Are Generic Drugs a Safe Way for Seniors to Save Money?
March 4, 2019
Generic drugs are just one of the ways older adults can save money on prescriptions.
For older adults on a budget, the idea of saving money on medications can be enticing. From making trips to Canada or Mexico where medication is significantly less expensive to taking lower doses than a physician prescribes, seniors go to great lengths to save money on prescriptions.
One idea that often yields questions is generic drugs. They are less expensive than brand-name prescriptions, but older adults often worry that they aren’t as effective. According to the US Food and Drug Administration (FDA), 90 percent of prescriptions that are filled in this country are for generic drugs.
Most insurance companies require the use of generic medications unless a physician specifically requests otherwise. Even then the patient and physician may be required to file an appeal.
What are the Differences between Brand-Name Drugs and Generics?
The US Food and Drug Administration (FDA) says people should feel confident that a generic drug is just as effective as a brand-name medication used for the same purpose. Before the FDA approves a generic drug, it must meet the following criteria:
- Contain the same active ingredients at the same strength as the brand-name drug
- Reach the required level in the bloodstream in the same amount of time and to the same extent
- Be utilized for the same purpose and effect
- Meet the same testing standards
- Come in the same form (pill, inhaler, liquid)
What can be different are the color, shape, size, and packaging of a generic drug. But those differences aren’t likely to cause any issues for the older adults who take them.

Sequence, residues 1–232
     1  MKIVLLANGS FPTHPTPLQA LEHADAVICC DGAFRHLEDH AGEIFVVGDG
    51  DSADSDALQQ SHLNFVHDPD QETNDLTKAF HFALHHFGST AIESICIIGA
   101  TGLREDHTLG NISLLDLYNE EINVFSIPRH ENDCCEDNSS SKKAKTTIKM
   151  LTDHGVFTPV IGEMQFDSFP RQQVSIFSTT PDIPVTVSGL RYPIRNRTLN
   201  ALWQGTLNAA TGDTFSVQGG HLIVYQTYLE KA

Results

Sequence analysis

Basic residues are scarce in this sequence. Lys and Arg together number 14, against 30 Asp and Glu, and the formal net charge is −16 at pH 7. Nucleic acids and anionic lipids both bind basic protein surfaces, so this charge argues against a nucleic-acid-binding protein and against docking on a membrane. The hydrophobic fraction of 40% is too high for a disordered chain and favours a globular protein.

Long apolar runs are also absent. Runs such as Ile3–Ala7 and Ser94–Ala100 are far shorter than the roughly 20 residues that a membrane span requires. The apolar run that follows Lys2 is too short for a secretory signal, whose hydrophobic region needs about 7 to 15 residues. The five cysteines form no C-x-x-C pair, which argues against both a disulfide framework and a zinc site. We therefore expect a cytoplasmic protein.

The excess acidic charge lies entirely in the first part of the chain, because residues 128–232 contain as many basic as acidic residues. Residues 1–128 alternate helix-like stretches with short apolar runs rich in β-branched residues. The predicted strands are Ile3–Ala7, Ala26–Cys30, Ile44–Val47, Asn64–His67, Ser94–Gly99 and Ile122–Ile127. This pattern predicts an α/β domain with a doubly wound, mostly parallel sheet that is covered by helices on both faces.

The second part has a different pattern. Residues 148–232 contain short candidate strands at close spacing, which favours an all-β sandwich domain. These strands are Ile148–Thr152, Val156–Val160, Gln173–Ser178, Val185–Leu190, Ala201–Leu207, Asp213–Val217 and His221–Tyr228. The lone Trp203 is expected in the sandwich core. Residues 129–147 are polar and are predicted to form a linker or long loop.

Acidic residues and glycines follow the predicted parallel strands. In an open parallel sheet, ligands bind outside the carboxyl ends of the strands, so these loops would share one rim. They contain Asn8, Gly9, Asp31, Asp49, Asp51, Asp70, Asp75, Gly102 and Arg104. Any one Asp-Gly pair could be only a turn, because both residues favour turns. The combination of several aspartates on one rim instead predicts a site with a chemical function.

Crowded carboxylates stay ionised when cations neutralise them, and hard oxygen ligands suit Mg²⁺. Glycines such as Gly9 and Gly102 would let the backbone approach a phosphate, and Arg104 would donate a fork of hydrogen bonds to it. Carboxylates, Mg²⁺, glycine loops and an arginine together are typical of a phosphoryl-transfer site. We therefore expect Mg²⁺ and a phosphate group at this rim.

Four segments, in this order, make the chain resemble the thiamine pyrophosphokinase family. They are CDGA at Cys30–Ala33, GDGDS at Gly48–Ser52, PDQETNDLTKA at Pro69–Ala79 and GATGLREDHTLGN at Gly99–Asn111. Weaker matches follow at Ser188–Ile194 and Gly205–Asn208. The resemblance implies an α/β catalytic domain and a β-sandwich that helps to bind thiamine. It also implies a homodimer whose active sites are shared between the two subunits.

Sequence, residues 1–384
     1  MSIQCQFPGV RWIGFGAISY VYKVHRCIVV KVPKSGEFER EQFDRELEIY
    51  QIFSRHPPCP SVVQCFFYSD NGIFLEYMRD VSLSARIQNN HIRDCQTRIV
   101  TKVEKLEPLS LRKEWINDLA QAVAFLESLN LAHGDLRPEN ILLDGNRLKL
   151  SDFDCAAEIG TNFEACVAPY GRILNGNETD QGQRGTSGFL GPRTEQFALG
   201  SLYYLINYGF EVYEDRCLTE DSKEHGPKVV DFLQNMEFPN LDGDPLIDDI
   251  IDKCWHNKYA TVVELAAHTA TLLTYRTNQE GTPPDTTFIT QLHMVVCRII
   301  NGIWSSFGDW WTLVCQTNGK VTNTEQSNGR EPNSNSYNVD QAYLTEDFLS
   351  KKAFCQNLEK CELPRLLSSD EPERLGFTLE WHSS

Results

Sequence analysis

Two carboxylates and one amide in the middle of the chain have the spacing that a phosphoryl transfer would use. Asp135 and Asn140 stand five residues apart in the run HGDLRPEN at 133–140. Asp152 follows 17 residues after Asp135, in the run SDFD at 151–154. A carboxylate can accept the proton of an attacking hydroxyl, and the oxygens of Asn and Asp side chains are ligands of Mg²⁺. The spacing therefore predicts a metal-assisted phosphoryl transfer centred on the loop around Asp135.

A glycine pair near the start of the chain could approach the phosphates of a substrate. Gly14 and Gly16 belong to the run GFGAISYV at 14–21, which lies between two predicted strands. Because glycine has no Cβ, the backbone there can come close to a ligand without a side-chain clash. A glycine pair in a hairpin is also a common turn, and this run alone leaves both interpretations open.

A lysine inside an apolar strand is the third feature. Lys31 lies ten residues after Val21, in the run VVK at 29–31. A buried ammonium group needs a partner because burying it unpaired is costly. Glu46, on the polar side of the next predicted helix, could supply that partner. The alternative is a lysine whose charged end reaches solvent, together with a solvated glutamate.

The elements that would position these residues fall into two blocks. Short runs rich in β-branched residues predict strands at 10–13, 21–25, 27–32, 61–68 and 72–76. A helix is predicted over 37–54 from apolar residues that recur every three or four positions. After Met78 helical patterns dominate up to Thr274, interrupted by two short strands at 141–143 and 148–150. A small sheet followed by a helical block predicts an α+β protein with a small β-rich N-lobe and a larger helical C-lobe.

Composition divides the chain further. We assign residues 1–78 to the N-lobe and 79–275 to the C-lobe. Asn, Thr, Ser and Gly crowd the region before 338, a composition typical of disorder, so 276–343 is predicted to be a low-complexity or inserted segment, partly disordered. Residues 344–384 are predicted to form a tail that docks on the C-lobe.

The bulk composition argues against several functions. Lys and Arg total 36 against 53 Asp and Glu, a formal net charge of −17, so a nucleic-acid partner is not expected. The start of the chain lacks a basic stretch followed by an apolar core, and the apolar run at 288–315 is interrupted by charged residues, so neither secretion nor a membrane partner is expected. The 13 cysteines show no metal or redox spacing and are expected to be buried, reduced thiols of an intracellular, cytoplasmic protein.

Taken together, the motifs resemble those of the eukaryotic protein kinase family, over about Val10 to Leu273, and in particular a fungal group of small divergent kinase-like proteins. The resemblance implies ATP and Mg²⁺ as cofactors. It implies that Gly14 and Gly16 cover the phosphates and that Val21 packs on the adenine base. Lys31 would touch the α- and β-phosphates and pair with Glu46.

Preservatives and flavorings may also differ, and that is where people sometimes run into problems. A senior with allergies or sensitivities to additives and preservatives, such as gluten, might develop a reaction to a generic drug that doesn’t occur in a brand-name prescription.
How Can Seniors Save Money on Prescription Medications?
Besides generic drugs, there are a few other avenues seniors can explore to save money on medication.
- Manufacturer discount coupons: Some drug companies, especially for medications new to the market, offer physicians discount coupons to share with patients. They might also make the coupons available on the manufacturer’s website.
- Pharmacy savings cards: While it might be hard to believe, some prescriptions are actually less expensive to pay for outright than to pay for using insurance. Many times, that is because the pharmacy has a savings card to help clients. The catch to filling a prescription without using your insurance card is that the cost doesn’t count towards meeting your deductible.
- Comparison shop: Prescription drug costs vary from pharmacy to pharmacy. You can use GoodRx to instantly determine which of your local pharmacies offer the best price for each of your prescriptions.
- Mail-order prescriptions: Many insurance providers offer a mail-order service for filling prescriptions in larger volumes. In addition to saving money, the senior won’t have to worry about getting to the pharmacy to pick up a prescription.
- Physician samples: If your physician is prescribing a new medication, ask if they have samples available. This allows you to try the medication and make sure you won’t have a reaction to it before you spend any money.
- Assistance programs: You can also use Benefits CheckUp from the National Council on Aging to see if you qualify for assistance. It will help identify local, state, and federal programs that can aid in paying for medications.
Medication Management for Older Adults
One challenge seniors experience is how to safely manage multiple medications. From taking the right dosage at the right time to remembering when to order a refill, mistakes with medication management are the reason many older adults end up in the hospital emergency room.
At Legacy Senior Living communities, residents get the support they need to stay safely on track with medication. Call the community nearest you to learn more about our medication reminder program.